We spent three days at Lake Saint Clair, driving up from Hobart on the 11th of November 2019. It was a warm summer’s day for most of the trip but the weather grew steadily worse the closer we got to our destination. Here’s our first glimpse of The Pump House; our home for the next three nights.

There was snow on the surrounding mountains; not a surprise as we’d been diligently checking the weather for the preceding week noting snowfalls and below nought degree temperatures. So, cold but pretty.

Here’s our residence up close – seems inappropriate to call it a hotel. A pretty pink. Whilst built as a pump house it was never actually used as one. We loved being on the water which you could hear lapping against the building. Like being on a boat but without the motion.

We were on the ground floor in a comfortable room. Most importantly with a comfortable bed, good heating and a good shower. The bathroom had a much appreciated heated tiled floor.

Here’s the aforesaid comfortable bed.

Here’s the view from our window. The lake remained grey and choppy for the duration of our stay. We were told that a platypus could be seen from this room on calm, sunny days. Unfortunately that was not to be and we didn’t see any signs of life in the water.

There were three floors, with a very cosy lounge on each of the first two levels. This is outside our room – note the tray full of apples. They were delicious.

There was a great wood burning heater roaring at all times so that sitting here watching the weather sweep over the lake was very atmospheric.

You could sit here and read or play games or have a drink from the bar. Lots of very good Tasmanian wine and, even better in this stormy weather, great Tasmanian whisky. It was an honesty system with guests recording what they drank which I thought was brave until another guest pointed to cameras carefully places to ensure guests were abiding by same.

On the top floor there was a little library that Joe availed himself of to read a bit of Tasmanian history. There are four bedrooms on each level.

Steep stairs; you wouldn’t want to go up and down after drinking at the bar.

We went for a walk to check out our surroundings. Here’s Joe on our way across the causeway. As you can see we were prepared for the weather.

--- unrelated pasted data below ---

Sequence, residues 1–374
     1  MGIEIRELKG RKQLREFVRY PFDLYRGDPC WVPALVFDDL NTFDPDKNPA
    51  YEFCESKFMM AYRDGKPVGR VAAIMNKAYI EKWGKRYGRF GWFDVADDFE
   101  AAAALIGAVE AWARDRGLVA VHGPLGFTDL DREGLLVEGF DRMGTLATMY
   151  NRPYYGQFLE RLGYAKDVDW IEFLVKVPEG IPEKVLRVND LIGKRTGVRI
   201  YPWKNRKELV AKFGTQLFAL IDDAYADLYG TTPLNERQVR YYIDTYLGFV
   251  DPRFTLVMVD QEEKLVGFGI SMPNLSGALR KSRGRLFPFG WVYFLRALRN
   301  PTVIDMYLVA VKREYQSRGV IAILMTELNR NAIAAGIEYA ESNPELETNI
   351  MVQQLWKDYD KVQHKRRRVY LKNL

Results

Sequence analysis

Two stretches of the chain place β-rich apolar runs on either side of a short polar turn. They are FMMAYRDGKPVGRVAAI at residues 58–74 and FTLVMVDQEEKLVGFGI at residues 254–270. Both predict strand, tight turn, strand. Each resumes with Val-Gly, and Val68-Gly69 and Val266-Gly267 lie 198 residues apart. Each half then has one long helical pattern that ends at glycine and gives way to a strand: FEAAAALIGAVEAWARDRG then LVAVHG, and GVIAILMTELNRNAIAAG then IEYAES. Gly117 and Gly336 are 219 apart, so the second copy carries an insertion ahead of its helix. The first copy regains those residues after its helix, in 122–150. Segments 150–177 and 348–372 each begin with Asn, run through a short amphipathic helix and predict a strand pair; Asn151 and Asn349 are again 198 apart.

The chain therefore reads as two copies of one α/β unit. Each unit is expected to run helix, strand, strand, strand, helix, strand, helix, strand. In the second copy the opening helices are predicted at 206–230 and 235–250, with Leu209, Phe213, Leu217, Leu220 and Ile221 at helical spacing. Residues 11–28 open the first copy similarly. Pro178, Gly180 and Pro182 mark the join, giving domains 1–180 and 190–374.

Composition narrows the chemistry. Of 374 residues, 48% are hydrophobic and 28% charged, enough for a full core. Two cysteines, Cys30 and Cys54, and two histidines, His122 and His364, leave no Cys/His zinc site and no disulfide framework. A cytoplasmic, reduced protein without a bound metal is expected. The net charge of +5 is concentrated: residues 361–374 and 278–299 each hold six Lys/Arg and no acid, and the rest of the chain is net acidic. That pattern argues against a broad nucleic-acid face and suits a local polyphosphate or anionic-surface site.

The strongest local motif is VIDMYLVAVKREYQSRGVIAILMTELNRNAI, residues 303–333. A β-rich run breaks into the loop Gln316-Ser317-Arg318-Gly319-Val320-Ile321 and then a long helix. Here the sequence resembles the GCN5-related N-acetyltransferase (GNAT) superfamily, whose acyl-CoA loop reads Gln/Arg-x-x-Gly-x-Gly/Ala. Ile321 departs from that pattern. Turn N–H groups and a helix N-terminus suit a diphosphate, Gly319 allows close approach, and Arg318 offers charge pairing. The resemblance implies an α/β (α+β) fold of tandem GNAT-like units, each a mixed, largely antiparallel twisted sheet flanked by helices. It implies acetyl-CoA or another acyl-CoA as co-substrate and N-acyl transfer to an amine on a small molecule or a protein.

This is looking the other way; you can see the Shore House behind me. I am well and truly rugged up – very grateful for this very sturdy raincoat with voluminous pockets that meant I didn’t have to carry a bag.

There are five rooms in the Shore House; added to the twelve in the Pump House and a separate retreat in the bush beside the Shore House; makes a nineteen rooms in total. I think there were around thirty people there during our stay but it was hard to say. You only saw everyone together at meal times, sharing communal tables that were quite jolly. Apart from that you weren’t very aware of other guests at all. We had breakfast every morning in the Shore House and dinner there on two of the nights we stayed. In the evening animals browse on the lawn.

We were promised lots of wombats but I only got to see this one. Apparently you see them more frequently if you stay in the Shore House. This one was near the carpark and took off as soon as I took this picture.

Wallabies were more prevalent and we saw quite a few, including out the window while eating dinner. But this one was out near the staff quarters.

We walked through lovely bush – mostly in sight of water.

Intermittent showers were no deterrent to these hardy walkers – which was good as this was probably the best weather we had during our entire stay.

There was a creek winding through the bush. It was unclear where it was coming from and where it was going.

Lots of water everywhere. The website promises lots of hidden coves and beaches to be discovered. This lake is, apparently, a trout fisherman’s paradise with world class fly fishing. There were no fisher people around in this weather.

There are rowboats for guests. Presumably an attraction in friendlier climactic conditions. Note the dinghy which is for hotel staff to use when guests have to be rescued!

Going the other way we came to the shore of Lake Saint Clair where the Pump House could be seen across the way. It is a striking building from every angle and a focal point on the lake.

We saw and were amazed by the number of beautiful trees. Here’s one.

And I do believe this is probably a wombat burrow at the base of one.

We walked back to the other side of the Shore House where you got another glimpse of the Pump House.

On the way back we passed a man-made canal, presumably something to do with the hydro ambitions for the pump house that were never realised.

By then we were getting hungry and it was time for dinner.

We came out to a very dark night. Here is the moon, a ghostly galleon, midst the trees.

And back along the causeway to our exotically lit up abode.

 

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